Are landline phones going the way of floppy disks and VCRs? A new report from the Centers for Disease Control and Prevention says yes.
In the last six months of 2016, less than half of U.S. households had landlines, according to a new CDC report.
The researchers found that 50.8 percent of U.S. households used only cellphones, marking the first time that fewer than half of household had landlines, according to the report, published today (May 4). The percentage of households with only cellphones is up 2.5 points from the measurement taken the previous year.
The rates of people living in cellphone-only households were highest among adults ages 25 to 34. In this age group, more than 71 percent did not have a landline, the researchers found. For older adults, the rates of people living in cellphone-only households was lower. Less than one-quarter of adults ages 65 and up, for example, lived in cellphone-only households.
Adults who rented their homes also had high rates of living in cellphone-only households. Just over 71 percent of adults who rented had only a cellphone, compared with nearly 41 percent of adults who owned their homes, the researchers found. For adults living with roommates, the rates of those living in cellphone-only households was even higher: nearly 84 percent.
Income also appeared to play a role in whether a household had a landline, according to the report. Adults living in poverty or near poverty were more likely to have only a cellphone than adults had higher incomes, the researchers found.
In the report, the researchers also looked at certain measures of health. Adults in cellphone-only households were more likely to report at least one day of heavy drinking in the past year than adults in homes with landlines, the researchers found. Nearly 30 percent of cellphone-only adults reported one such day in the past year, compared with nearly 19 percent of landline-household adults.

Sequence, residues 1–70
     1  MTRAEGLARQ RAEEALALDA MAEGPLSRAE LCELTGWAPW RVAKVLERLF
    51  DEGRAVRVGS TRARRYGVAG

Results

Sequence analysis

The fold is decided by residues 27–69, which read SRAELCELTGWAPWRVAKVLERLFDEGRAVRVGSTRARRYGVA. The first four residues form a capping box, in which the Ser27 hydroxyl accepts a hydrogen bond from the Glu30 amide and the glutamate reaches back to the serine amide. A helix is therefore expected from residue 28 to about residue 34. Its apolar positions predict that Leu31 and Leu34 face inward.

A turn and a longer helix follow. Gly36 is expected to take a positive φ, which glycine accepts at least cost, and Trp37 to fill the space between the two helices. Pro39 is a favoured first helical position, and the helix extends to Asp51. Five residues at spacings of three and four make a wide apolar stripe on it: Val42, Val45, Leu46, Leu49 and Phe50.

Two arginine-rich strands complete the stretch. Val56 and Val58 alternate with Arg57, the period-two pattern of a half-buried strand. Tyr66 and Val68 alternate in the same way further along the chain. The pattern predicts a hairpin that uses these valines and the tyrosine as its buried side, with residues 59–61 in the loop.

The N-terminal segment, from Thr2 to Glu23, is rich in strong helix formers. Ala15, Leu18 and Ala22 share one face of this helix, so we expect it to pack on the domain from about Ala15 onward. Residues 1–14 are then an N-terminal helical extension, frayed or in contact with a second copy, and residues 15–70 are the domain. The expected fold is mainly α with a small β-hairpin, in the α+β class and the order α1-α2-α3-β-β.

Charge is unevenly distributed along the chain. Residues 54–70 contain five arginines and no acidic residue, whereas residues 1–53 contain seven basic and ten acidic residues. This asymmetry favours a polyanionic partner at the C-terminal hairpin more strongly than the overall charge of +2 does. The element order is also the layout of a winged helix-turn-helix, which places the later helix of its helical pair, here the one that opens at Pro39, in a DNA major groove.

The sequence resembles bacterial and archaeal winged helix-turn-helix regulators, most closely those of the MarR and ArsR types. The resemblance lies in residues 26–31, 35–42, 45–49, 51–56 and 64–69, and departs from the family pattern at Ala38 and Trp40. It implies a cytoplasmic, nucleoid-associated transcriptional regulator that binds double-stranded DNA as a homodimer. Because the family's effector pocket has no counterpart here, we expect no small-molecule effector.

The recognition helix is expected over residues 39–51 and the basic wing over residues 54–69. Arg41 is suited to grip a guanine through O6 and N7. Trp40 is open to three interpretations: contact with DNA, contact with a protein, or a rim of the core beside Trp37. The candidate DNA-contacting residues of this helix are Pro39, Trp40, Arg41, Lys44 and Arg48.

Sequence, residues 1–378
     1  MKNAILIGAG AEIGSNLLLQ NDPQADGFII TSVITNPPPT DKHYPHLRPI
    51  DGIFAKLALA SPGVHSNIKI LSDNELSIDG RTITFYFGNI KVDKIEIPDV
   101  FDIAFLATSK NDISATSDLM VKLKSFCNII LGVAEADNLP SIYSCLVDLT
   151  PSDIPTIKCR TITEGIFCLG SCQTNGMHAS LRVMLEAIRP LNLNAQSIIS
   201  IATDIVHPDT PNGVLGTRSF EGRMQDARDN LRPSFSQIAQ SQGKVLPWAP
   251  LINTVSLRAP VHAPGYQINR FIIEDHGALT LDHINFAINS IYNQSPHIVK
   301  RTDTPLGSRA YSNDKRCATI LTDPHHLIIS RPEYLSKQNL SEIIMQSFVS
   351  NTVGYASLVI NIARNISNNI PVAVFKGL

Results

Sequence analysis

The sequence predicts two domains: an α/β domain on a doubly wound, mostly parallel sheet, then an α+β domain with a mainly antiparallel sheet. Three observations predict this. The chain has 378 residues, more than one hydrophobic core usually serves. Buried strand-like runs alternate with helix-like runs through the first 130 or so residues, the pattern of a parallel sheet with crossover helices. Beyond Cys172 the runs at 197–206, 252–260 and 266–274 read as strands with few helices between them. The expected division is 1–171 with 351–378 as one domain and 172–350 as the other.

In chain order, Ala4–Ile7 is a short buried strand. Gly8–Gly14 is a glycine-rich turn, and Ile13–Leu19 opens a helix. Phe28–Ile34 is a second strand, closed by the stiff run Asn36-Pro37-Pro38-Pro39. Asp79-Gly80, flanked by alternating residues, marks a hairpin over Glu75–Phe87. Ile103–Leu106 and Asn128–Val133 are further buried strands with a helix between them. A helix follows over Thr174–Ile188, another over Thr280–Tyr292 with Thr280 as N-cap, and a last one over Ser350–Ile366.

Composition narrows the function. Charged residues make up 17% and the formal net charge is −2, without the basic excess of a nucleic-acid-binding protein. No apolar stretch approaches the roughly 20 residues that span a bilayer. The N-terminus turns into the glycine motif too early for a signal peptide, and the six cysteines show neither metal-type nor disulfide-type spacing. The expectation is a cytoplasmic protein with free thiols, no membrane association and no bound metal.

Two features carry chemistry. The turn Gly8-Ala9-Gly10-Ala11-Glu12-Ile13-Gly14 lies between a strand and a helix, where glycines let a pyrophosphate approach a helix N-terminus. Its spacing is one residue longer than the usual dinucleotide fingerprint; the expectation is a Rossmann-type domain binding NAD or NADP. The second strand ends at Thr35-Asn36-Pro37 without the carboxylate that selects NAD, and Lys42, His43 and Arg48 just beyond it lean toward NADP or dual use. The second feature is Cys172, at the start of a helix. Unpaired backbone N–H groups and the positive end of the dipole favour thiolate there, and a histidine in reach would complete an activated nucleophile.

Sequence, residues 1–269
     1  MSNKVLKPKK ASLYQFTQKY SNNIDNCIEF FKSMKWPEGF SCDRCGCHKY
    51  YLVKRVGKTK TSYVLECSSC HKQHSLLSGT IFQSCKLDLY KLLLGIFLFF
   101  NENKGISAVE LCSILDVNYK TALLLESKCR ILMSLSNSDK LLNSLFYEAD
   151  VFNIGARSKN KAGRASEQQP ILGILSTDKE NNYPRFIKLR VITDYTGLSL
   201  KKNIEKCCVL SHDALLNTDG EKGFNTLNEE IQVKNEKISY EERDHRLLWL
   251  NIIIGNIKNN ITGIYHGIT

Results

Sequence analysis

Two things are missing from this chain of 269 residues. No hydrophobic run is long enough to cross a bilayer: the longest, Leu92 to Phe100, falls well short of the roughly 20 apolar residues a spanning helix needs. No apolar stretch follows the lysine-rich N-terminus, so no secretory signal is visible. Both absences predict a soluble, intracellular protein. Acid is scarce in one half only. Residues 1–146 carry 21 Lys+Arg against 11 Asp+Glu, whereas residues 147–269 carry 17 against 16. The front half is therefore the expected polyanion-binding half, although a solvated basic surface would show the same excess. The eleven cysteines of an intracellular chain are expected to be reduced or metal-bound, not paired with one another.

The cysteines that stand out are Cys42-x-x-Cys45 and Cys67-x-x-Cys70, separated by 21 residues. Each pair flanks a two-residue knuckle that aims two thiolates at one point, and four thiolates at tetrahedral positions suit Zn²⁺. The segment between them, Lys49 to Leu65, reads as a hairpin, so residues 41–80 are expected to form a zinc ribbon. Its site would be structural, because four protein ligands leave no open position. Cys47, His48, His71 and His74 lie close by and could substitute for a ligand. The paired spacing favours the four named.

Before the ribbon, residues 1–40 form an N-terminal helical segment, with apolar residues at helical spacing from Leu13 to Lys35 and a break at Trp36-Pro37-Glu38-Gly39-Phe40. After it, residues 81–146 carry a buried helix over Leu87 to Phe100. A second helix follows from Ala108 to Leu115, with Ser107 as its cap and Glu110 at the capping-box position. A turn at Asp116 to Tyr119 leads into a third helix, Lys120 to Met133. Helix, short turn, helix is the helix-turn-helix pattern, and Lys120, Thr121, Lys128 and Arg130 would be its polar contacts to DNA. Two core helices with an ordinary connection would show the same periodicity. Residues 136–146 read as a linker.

Compared with adults in households that had landlines, people living in cellphone-only households were less likely to have health insurance and less likely to have gotten their flu shots in the previous year, the study said. However, adults in cellphone-only households were more likely than adults in households with landlines to have their health described as “excellent” or “very good,” the report found.
Cellphone-only and landline households weren’t the only categories that researchers looked at in the report. The researchers also found that 3.2 percent of U.S. households had no telephone service at all in the last six months of 2016. This translates to about 7.4 million adults and 2.3 million children, according to the report.
But there was also one more category that the researchers included: households that had landlines, but rarely used them. In other words, these households took all or almost all of their phone calls on cellphones. In the second half of 2016, this category accounted for 38 percent of households with landlines, or 15 percent of all households, the researchers found.